What are the satisfaction rates, recommendations, regrets, subjective taste disturbances, and individually reported side effects following a modified uvulopalatopharyngoplasty (UPPP) technique to treat obstructive sleep apnea (OSA)?
BOTTOM LINE: The majority of OSA patients were satisfied 24 months after surgery, even though a third of them were experiencing side effects. Younger patients had fewer side effects than did older patients, and patients with better OSA outcomes were more satisfied.
Explore This IssueJanuary 2020
BACKGROUND: A high side effect rate and a lack of randomized controlled trials (RCTs) showing the effect of UPPP on OSA have led to a decrease in UPPP procedures over the last 10 years. As demonstrated in two RCTs, however, UPPP has a significant effect on OSA. The study authors’ research group performs a conservative UPPP technique, slightly modified to better preserve the soft palate and uvula.
STUDY DESIGN: Prospective intervention study of 65 patients who underwent modified UPPP after failing nonsurgical treatment; patient questionnaires were given at six (52 patients) and 24 (48 patients) months after surgery, while patients reporting side effects or regretting the surgery after 24 months were selected for phone interviews nine years after surgery (16 patients).
SETTING: Department of Surgical Sciences, Otorhinolaryngology–Head and Neck Surgery, Uppsala University, Uppsala, Sweden.
SYNOPSIS: Two of 52 patients regretted the surgery at six months; only one was still dissatisfied after 24 months. Three patients of 48 regretted it at 24 months; two of these three were dissatisfied, did not recommend the surgery, and had moderate side effects. At the six-month follow-up, 20 of 48 patients reported that they had side effects (nine mild, five moderate, four severe, two not evaluated). At the 24-month follow-up, 15 of 48 patients reported side effects (five mild, seven moderate, three severe). There were significant correlations among several parameters, including among age and surgery recommendation, side effects, and degree of side effects, and among surgery satisfaction and changes in AHI and ESS scores and degree of side effects. Four of 16 patients were discontented with the surgery after nine years, mainly because they experienced an insufficient effect on their OSA. Nine of 13 patients with side effects still had them, but only to a minor degree. Limitations included the small cohort size, risk of recall bias, and lack of objective voice/swallowing disorder data.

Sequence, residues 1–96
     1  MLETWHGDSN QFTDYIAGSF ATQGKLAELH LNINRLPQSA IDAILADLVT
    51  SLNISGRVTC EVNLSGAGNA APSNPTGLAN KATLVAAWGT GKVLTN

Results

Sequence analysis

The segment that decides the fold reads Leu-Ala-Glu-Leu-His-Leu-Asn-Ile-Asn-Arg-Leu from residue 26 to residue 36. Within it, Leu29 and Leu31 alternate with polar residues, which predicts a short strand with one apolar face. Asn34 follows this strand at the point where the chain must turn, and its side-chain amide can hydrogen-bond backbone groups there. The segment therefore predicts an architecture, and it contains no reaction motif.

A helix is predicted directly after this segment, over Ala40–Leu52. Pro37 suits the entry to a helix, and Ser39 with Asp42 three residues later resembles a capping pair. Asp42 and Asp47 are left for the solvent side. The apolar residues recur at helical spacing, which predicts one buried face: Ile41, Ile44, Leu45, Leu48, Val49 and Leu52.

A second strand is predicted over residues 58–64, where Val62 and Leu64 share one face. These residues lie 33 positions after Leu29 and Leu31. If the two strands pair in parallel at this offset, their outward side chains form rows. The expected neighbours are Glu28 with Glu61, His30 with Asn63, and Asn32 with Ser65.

CITATION: Friberg D, Sundman J, Browaldh N. Long-term evaluation of satisfaction and side effects after modified uvulopalatopharyngoplasty. Laryngoscope. 2020;130:263-268. doi: 10.1002/lary.27917.